Manjula Padmanabhan’s Harvest: a Study
Manjula Padmanabhan (b. 1953) is best known as a journalist, illustrator, cartoonist, and author of children’s books and short stories. She became a celebrity when her fifth play, Harvest (written in 1996; published in 1997), won the first prize in the first Onassis International Cultural Competitions for Theatrical Plays in 1997. The characters
In the play the themes of economic exploitation, reification (=commodification) and acculturation are presented through the mercantile as well as surgical metaphor of body-parts transplantation. The Donors and the Receivers in the play represent the natives of the Third World and the First World respectively. Om, his wife Jaya, and Om’s brother Jeetu are devalued as depositories where parts of the human body are sold at cheap rates. The most shocking irony is that the sellers are enthralled by the prospect of selling themselves and being devoured by the Western/capitalistic cannibals. Om has orgasmic pleasure in imagining parts of his body inside Ginny. “After all, who wouldn’t want to be inside such a divine being?” (50T), asks Ma, who has been always disgusted with her other son’s being a male prostitute. The inequality of the two groups (Donors and Receivers) is shown as rigidly stabilized as there is no possibility of the reversal of their functions. In other words, the Donors always give and the Receivers take; hence, there is no exchange by any chance. The Guards and Agents are the robot-like commandos of the Receivers. Acting as middlemen, they channelize resources from the donors to the Receivers. Their mechanical existence as revealed through their ruthless precision and efficiency is a mark of total dehumanization. Notice that Guard 3 is a male clone of Guard 2.
Om Prakash is an embittered, petty, unemployed youth who keeps the pretension of caring for his whole family. The long description in the opening scene of the torturous experience of the endless queue of young men, who have all been lining up to sell themselves, gives us the picture of a generation who are eager to place themselves at the disposal of the unknown masters because they feel that they have no other option. They are “like goats at the slaughterhouse” (10T). Om’s pretended concern for his family is proved to be spurious when he turns his back to the Guards who, like the devils from the Hell in the final scene of Marlowe’s Doctor Faustus, arrive to take away the man who has signed the contract to sell himself after a fixed period of “luxurious” life. In Harvest this fun time is in fact the duration for the fattening of the calf as far as the buyers are concerned. The pleasures of luxury consist of mechanical devices and electronic gadgets, and other pleasurable artificialities of urban life, alienating man from nature and the self.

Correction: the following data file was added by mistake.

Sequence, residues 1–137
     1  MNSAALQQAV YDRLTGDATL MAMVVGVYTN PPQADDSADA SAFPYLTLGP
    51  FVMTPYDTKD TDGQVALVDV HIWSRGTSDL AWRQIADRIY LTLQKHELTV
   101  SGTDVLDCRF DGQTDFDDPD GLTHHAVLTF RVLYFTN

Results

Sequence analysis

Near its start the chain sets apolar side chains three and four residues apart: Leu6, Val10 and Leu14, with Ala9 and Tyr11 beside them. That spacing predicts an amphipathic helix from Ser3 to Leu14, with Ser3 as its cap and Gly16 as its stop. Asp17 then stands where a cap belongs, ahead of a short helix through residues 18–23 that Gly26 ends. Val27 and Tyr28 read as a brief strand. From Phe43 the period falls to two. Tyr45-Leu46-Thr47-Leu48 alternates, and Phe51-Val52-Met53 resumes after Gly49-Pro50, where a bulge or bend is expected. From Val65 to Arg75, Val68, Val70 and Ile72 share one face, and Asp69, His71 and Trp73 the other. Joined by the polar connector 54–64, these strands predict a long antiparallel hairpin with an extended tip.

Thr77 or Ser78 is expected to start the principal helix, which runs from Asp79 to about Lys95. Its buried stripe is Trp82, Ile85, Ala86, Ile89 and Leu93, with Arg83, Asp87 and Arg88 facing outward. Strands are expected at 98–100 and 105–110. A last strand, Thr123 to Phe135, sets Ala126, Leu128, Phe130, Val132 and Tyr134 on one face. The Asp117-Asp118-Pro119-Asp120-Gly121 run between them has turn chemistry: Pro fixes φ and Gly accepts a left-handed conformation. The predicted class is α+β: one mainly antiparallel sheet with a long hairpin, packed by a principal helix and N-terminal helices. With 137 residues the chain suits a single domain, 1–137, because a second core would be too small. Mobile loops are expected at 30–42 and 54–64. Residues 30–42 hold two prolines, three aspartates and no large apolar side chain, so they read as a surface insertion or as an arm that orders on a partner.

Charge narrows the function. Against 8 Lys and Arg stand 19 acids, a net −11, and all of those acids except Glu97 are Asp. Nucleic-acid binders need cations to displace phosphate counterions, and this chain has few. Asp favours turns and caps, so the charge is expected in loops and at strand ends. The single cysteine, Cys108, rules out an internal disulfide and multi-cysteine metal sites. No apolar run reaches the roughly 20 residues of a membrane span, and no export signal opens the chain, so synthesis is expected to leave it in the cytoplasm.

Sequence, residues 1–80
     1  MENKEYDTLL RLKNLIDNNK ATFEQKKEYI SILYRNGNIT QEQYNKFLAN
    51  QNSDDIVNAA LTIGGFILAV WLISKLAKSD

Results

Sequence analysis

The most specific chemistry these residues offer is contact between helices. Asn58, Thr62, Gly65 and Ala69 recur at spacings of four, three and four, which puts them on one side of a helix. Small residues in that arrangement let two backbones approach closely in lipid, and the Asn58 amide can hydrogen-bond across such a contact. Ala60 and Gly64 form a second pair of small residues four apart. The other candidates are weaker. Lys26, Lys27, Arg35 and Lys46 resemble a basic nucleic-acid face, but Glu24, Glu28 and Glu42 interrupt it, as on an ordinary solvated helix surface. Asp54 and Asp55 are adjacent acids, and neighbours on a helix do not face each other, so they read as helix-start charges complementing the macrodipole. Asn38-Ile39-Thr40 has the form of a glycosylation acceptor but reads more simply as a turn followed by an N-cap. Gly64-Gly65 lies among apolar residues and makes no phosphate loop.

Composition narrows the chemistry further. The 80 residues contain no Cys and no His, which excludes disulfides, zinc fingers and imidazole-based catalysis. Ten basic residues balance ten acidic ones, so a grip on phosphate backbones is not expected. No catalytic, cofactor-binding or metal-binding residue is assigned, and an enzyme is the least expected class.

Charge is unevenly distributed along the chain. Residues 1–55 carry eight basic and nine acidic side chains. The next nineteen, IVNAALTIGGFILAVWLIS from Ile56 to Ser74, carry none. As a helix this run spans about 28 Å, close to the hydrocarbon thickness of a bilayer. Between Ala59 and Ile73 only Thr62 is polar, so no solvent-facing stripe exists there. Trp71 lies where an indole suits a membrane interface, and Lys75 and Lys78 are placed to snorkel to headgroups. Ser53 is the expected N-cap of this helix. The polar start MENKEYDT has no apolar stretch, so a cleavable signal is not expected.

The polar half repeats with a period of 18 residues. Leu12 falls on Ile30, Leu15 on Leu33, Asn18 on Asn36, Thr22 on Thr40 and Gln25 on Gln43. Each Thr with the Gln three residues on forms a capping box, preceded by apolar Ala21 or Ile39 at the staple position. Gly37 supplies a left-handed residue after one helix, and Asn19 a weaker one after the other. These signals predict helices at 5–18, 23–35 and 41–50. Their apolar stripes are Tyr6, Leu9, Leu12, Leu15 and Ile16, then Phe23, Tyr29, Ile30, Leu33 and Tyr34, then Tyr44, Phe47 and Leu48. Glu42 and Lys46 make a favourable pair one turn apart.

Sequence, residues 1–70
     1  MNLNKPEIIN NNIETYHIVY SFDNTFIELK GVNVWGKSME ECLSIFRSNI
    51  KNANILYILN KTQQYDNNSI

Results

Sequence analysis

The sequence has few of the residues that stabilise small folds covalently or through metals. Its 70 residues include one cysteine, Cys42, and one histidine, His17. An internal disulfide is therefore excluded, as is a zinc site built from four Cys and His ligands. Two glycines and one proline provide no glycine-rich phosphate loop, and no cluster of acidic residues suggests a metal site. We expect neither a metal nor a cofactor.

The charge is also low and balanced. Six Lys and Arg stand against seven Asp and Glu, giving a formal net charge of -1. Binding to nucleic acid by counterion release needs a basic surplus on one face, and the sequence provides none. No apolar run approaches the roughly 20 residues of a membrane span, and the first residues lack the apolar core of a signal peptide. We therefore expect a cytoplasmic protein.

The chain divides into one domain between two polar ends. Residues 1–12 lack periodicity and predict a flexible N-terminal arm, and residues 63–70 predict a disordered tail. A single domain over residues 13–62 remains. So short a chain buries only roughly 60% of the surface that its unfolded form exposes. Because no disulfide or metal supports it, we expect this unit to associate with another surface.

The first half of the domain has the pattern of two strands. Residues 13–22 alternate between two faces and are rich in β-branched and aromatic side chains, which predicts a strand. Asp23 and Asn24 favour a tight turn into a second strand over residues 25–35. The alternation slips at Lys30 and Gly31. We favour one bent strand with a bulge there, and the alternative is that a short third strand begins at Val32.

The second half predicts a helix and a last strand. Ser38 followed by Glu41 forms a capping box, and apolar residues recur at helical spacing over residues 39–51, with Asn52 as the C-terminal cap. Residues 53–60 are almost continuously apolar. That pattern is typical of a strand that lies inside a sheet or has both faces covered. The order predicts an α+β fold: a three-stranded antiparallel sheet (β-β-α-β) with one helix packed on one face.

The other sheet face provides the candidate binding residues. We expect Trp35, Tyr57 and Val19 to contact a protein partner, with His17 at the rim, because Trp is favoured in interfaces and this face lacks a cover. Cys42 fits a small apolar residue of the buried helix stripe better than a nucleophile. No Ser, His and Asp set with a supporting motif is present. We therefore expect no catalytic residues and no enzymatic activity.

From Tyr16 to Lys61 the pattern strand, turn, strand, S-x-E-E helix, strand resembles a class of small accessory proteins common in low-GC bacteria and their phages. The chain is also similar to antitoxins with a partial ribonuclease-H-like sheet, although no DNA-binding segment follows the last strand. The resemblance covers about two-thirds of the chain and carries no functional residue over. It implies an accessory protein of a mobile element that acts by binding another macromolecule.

Jeethen Kumar, Om’s younger brother, is a male prostitute. Transgressing the moral norms of the society he lives in, Jeetu is viewed with contempt by the others except Jaya. In fact he is less “colonized” than the others for he is only “bought” and not “owned” (32B), though the only difference is between the two exploitative classes—the native comprador bourgeoisie and the foreign colonizer. So there is not much consolation for Jeetu when he says: “At least when I sell my body, I decide which part of me goes into where and whom!” (34B). In fact, by selling himself to the other members of his society, he is at the same distance from the others as they are from the Receivers. Om’s family cannot risk their skin when they touch Jeetu (49M) just as Virgil cannot come to Jaya without risking his skin (99B). That Jeetu is preferred to Om shows that the Receivers at the top turn their vulturous eyes to the worms at the bottom pit because they are closest to the centre of the earth! The Receivers live in a world of virtual reality and are far removed from nature and the throb of raw life. This perhaps...
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